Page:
The Detroit Water and Sewerage Department is suspending its water shutoffs for 15 days starting today to give residents another chance to prove they are unable to pay their bills. . . . The decision comes after the city has put into national spotlight for a policy that has been framed as a human rights issue for low-income residents who can’t afford to pay their bills. It also was announced n the same day that a group of Detroit residents filed a lawsuit in the city’s bankruptcy case asking U.S. Bankruptcy Judge Steven Rhodes to restore water service to residential customers. Detroit Free Press

The GOP’s real shame on the border: ignoring an industry that makes billions off immigrants to give to politicians

Private prisons have taken up immigration as a profit center, based on assembly-line ‘justice’ of the Bush era – and kept alive by Republican presidential contenders who look the other way.  The Guardian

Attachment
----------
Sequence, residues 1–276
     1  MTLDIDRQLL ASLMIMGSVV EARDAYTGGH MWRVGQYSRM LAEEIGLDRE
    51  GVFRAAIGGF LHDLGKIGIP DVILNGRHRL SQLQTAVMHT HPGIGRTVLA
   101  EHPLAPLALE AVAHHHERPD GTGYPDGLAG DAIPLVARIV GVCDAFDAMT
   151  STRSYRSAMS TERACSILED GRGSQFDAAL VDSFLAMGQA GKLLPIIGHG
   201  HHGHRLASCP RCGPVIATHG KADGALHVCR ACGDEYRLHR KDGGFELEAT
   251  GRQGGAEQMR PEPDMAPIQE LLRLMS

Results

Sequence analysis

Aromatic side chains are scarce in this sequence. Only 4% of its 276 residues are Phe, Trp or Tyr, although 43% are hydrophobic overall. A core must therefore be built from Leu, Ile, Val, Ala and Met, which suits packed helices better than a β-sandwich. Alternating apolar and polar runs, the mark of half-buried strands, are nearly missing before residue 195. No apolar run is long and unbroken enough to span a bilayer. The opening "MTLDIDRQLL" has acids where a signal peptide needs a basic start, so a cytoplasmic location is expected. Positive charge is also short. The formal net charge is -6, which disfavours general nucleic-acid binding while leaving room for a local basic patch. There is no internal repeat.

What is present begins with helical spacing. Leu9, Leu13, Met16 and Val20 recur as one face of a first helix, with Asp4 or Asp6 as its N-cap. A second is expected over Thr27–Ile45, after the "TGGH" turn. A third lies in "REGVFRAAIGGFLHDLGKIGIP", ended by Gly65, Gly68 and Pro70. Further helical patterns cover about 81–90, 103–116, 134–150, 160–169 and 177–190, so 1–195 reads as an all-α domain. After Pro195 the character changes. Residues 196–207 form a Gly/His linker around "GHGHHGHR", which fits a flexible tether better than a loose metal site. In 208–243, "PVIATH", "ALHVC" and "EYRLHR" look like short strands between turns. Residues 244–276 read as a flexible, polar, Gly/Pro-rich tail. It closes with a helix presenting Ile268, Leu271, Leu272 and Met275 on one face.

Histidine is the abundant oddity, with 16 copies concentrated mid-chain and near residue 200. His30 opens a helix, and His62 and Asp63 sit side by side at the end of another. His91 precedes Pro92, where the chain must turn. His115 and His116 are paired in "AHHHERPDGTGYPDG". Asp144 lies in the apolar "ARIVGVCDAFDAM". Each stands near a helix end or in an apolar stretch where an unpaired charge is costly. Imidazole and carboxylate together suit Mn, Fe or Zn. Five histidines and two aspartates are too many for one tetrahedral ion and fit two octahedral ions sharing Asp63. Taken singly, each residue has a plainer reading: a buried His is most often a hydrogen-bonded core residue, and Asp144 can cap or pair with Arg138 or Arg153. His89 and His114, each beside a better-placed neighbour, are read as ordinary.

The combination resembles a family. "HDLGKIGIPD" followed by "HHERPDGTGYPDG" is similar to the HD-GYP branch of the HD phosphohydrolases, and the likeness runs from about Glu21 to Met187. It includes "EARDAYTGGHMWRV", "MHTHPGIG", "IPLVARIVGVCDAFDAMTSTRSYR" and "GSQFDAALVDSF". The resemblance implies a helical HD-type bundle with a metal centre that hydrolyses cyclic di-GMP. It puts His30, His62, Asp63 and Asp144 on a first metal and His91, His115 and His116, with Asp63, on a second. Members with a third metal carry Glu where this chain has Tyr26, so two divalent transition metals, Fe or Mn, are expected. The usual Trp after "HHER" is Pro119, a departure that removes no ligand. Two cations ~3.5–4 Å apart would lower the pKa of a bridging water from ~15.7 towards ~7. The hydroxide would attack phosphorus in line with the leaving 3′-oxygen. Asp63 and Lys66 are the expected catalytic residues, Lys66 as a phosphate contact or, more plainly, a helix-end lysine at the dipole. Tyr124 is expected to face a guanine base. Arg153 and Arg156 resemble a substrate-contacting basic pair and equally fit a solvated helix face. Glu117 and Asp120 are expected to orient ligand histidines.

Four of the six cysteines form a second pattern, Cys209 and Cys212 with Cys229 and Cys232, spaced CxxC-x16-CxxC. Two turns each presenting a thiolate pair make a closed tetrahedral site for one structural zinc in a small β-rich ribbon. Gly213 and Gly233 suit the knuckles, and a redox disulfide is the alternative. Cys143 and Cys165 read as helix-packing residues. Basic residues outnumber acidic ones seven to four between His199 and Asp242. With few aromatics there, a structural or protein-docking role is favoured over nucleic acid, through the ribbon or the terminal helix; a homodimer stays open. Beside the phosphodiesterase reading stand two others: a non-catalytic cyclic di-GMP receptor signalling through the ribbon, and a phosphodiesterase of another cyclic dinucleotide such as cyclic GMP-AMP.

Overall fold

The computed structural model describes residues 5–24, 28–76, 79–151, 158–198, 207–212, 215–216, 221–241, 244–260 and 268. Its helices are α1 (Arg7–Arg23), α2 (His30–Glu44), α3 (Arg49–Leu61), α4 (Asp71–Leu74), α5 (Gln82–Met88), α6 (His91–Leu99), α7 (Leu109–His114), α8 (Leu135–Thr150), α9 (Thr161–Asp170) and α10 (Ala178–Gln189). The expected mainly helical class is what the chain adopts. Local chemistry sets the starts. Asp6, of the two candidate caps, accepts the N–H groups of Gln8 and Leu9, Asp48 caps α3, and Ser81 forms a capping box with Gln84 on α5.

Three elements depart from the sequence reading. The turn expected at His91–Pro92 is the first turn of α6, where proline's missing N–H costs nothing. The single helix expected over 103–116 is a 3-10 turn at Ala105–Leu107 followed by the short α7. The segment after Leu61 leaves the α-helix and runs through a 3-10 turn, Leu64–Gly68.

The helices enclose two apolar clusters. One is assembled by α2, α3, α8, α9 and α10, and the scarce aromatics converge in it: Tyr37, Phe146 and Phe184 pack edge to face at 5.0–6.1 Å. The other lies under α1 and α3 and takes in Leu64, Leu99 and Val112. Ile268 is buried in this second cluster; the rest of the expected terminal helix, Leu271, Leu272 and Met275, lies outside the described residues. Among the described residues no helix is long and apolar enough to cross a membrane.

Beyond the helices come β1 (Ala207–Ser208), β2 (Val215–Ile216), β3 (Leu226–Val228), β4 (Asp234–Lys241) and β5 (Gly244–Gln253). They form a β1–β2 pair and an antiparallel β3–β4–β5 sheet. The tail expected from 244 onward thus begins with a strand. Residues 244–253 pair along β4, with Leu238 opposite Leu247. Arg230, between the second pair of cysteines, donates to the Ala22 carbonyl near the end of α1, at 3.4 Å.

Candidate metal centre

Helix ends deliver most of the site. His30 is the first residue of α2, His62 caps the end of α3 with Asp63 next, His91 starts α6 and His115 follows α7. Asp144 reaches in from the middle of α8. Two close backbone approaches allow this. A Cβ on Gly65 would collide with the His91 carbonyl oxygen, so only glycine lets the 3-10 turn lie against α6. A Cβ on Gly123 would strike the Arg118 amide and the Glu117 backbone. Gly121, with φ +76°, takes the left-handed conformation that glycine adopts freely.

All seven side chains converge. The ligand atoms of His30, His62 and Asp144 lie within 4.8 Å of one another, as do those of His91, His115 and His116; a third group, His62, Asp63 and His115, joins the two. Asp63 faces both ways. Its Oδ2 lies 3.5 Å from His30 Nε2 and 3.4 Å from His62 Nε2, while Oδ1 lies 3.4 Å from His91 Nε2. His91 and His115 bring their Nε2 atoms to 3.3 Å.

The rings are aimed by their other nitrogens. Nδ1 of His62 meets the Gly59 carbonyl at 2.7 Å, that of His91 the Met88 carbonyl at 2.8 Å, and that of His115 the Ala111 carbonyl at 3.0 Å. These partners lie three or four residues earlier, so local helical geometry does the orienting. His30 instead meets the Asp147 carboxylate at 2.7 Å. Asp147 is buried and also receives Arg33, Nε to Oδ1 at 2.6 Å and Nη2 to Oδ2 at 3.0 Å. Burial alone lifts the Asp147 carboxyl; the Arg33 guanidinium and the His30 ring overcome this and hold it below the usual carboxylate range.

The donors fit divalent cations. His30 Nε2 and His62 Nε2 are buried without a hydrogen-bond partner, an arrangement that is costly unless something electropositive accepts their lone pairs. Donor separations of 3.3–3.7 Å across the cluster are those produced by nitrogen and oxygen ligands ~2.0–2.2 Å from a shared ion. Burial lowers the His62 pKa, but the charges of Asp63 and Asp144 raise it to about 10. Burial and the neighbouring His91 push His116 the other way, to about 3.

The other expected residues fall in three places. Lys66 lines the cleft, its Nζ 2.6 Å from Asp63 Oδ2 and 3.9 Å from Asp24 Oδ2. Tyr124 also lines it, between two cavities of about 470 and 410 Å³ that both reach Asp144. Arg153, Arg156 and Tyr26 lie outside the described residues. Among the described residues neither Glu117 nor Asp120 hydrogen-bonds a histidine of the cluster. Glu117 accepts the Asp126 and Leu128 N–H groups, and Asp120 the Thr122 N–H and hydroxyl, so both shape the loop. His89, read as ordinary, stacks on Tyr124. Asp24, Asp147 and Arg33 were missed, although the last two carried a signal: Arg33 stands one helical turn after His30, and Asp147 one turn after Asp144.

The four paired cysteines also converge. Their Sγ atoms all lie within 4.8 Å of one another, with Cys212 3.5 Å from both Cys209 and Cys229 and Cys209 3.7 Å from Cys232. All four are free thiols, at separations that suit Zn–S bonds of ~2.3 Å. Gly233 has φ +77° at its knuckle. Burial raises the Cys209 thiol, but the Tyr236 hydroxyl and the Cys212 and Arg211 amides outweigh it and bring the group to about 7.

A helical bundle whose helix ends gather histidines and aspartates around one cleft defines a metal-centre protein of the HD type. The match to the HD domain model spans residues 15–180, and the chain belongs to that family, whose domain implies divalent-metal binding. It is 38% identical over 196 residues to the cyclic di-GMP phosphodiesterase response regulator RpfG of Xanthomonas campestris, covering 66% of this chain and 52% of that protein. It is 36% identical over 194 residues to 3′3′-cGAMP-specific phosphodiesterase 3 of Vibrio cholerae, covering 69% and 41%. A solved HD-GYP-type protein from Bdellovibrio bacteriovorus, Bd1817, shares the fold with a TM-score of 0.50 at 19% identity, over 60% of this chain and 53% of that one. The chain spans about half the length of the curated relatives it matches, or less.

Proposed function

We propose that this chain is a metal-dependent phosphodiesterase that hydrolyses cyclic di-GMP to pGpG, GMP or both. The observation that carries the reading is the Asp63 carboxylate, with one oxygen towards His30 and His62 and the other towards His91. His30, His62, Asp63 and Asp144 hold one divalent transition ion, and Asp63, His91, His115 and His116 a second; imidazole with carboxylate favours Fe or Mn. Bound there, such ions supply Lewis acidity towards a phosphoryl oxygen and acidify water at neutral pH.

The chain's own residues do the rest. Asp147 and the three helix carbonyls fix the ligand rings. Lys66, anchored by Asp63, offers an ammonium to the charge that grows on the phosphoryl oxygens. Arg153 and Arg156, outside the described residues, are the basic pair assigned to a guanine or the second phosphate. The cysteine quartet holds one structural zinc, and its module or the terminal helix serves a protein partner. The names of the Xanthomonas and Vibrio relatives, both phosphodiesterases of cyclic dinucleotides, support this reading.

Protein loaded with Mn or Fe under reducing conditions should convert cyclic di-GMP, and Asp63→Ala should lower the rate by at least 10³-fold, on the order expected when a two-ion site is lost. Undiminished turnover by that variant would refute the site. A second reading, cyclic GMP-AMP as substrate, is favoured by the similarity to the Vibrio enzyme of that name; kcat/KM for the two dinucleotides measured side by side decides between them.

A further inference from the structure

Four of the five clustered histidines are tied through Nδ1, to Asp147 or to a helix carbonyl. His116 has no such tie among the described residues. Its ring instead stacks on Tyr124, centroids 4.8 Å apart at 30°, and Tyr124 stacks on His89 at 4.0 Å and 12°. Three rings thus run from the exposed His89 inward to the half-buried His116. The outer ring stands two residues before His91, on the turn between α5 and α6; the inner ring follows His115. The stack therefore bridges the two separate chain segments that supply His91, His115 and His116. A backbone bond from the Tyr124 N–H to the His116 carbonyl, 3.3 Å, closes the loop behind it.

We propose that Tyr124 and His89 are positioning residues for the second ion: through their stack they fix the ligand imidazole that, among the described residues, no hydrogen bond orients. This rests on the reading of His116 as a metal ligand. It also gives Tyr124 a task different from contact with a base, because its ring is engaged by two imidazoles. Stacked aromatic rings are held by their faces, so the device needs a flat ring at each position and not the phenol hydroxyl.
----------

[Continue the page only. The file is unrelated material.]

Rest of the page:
July 21, 2014


As Investors, Officials Meet, a Warning Note on Public-Private Deals
Even as President Barack Obama was headed to Delaware on Thursday to promote public-private partnerships to finance infrastructure, Peter Ruane, president of the American Road and Transportation Builders Association, was telling a conference of officials and investors who put together such deals that there’s growing resistance in Congress to the “P3s” trend. Even proven programs such as the Transportation Infrastructure Finance and Innovation Act (TIFIA) loan program “could be subject to cuts or elimination” by Congress, Ruane told the conference.  Roll Call (blog)

Reinventing the American highway: The promise (and pitfalls) of learning to love tolls
Want a glimpse of the future of roads in this country? Look elsewhere. As Congress juggles stopgap solutions, the U.S. road network is in the beginnings of a profound structural shift towards privately run turnpikes. . . .Progressives, too, have reason to be concerned. Tolling isn’t a less equitable way to raise money than the highly regressive gas tax, but building roads with profit in mind does influence planning decisions. According to a recent report from the Dallas Fed, “road placement has generally occurred in areas where personal incomes have been higher, making the toll collection used to repay bonds more predictable and, thus, supporting the credit rating.”  Salon